Anatomy and physiology of the eyelid


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Anatomy and physiology of the eyelid

  1. 1. Speaker:Dr.Ala’ Abu Farsakh Supervised by:Dr.Amjad Younis
  2. 2. Lecture outline Eyelid anatomy • Gross anatomy • Layers of the eyelid • Eyelid arterial supply and venus and lymphatic drainage • Eyelid nerve supply Eyelid physiology • Functions of eyelids • eyelid movements: Openning,clouser,bli nking and winking,bell’s -Dynamics of eyelid openning and clouser
  3. 3. The Eyelids 4 • Each eyelid is divided by a horizontal furrow, (the superior palpebral sulcus) into: orbital & a tarsal part. • The eyelids meet at the medial & lateral angles or canthi • The lateral canthus is in direct contact with the eyeball & forms an angle of 60 when the eyes are wide open.
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  5. 5. 6 • The medial canthus : • rounded • the two eyelids are separated by lacus lacrimalis, in the centre of which is a small pinkish elevation; the caruncula lacrimalis. A semilunar fold called plica semilunaris lies on lateral side of caruncle.
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  7. 7. 8 • papilla lacrimalis: • About 5mm from the medial canthusther’s a small elevation, the • the punctum lacrimale which varies in size from 0.4 to 0.8mm in diameter. The punctum leads to canaliculus lacrimalis. • The papilla lacrimalis projects into the lacus
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  9. 9. The Eyelashes 10 • 2-3 rows • those in the upper eyelid(100-150) • those in the lower lid(50-75) • life span of 100-150 days. • The sebaceous glands of Zeis open into each follicle. • modified sweat glands, the ciliary glands of Moll, open into each follicle or into the eyelid margin.
  10. 10. 11 • (meibomian glands): • which number about 20-25 in each lid. • A gray line or sulcus can be seen running along the eyelid margin between the eyelashes & the openings of the tarsal glands.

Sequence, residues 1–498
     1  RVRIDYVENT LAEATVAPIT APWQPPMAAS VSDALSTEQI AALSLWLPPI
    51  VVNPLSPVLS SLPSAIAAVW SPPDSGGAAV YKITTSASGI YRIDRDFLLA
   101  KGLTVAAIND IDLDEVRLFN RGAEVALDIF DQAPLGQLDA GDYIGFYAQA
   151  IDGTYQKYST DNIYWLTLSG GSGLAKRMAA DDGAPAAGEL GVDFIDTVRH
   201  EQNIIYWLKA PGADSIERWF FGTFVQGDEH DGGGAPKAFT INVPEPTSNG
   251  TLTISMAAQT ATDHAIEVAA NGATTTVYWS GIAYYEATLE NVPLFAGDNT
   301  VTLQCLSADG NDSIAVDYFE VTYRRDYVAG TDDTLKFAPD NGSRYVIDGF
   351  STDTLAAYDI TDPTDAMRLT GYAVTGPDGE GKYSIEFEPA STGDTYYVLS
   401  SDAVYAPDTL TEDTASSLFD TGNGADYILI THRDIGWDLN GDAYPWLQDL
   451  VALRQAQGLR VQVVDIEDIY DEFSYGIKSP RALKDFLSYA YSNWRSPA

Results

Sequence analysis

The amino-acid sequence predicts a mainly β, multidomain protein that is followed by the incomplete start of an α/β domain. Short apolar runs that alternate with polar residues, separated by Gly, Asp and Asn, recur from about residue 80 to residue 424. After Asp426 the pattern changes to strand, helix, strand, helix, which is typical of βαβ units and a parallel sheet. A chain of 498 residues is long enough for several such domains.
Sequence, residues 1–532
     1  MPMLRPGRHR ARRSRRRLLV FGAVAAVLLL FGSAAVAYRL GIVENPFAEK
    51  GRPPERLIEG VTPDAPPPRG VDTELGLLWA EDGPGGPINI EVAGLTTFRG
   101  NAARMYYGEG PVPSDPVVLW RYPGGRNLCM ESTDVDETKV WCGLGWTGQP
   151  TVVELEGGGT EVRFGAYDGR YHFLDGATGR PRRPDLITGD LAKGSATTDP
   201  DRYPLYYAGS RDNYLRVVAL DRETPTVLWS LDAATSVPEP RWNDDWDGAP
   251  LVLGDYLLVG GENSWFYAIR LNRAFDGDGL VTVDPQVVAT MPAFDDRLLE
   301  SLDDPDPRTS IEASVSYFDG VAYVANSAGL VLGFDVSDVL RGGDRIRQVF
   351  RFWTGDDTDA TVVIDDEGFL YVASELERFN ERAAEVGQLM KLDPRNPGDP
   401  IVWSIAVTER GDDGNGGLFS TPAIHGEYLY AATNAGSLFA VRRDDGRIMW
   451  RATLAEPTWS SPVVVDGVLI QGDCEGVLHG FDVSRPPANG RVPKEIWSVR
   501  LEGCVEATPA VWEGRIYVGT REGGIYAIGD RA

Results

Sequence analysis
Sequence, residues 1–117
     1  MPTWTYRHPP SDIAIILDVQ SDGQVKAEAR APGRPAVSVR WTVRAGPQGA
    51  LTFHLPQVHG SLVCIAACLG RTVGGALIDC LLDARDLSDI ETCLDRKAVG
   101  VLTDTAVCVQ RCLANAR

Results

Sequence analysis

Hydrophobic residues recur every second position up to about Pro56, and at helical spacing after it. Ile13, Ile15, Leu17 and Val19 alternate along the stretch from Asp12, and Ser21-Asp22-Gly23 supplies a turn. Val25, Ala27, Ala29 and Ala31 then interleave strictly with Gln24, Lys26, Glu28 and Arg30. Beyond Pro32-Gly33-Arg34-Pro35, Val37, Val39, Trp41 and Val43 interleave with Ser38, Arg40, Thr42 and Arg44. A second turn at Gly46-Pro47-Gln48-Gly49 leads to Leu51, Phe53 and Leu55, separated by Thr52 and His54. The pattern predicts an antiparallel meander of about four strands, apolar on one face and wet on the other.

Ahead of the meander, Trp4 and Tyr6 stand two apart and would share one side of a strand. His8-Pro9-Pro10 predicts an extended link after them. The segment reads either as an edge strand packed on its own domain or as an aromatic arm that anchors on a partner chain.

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  12. 12. Structure of the eyelids 13 1. Skin: 2. Subcutaneous tissue 3. Striated muscle fibers of the orbicularis oculi 4. Orbital septum and tarsal plates 5. Smooth muscle 6. Conjunctiva
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  14. 14. skin 15 • Very thin and easily folds • stratified squamous epithelium keratenized. • Skin becomes continuous with conjunctiva at the posterior edge of the site of the orifices of the tarsal glands
  15. 15. Subcutaneous tissue 16 • very loose and rich in elastic fibers • Devoid of fat in whites
  16. 16. Orbicularis oculi 17 1-Orbital part: extends to the temporal region and cheek 2-Palpebral part: extends to the eyelids, divided into preseptal & pretarsal portions 3-Lacrimal part: behind the lacrimal sac 4-Ciliary part: at the lid margin --Originates from medial palpebral ligament and neighboring bones… at the lateral angle of the eye the fibers interlace at the lateral palpebral raphe
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  18. 18. 19
  19. 19. Orbicularis oculi 20 • Nerve supply Temporal and zygomatic branches of facial nerve • Action • Antagonist muscles Orbital part frontal belly of occipitofrontalis muscle Palpebral part levator palpebrae superioris
  20. 20. Orbital septum and tarsal plates 21 • Fibrous…. • attached to orbital margin • Separates eyelids from contents of orbital cavity • Stonger on lateral side than medial • Posterior to medial palpebral ligament • Anterior to lateral palpebral ligament • Tarsal plate of the upper lid: 10 mm • the lower lid: 5 mm
  21. 21. Orbital septum 22
  22. 22. Structures piercing through orbital septum 23 1. Lacrimal vessels & nerves 2. Supraorbital V. & N. 3. Supratrochlear A. & N. 4. Infratrochlear N. 5. Anastomosing vein bet angular & ophthalmic v. 6. Sup & inf palpebral A. 7. Aponeurosis of levator muscle. 8. Expantion of inf rectus muscle
  23. 23. Medial & lateral palpebral ligaments 24 • Medial palpebral ligament: is anterior to lacrimal sac • Attaches medial ends of the tarsi to lacrimal crest and frontal process of maxilla • Lateral palpebral ligament: attaches lateral ends of tarsi to marginal tubercle on the orbital margin formed by zygomatic bone
  24. 24. Smooth muscles 25 • Forms the superior and inferior tarsal muscles • Both are innervated by sympathetic nerves from the superior cervical sympathetic ggl
  25. 25. conjunctiva 26 • Subtarsal sulcus: 2 mm from post edge of lid margin, traps foreign particles • The area that covers the upper tarsal plate is strongly bound to it • That covering the lower tarsla plate is adherent only to its upper half
  26. 26. Levator palpebrae superioris 27 • From inf surface of lesser wing of sphenoid • Insertion is aponeurosis descending to upper lid post to the orbital septum • Nerve supply: occulomotor n. • Action: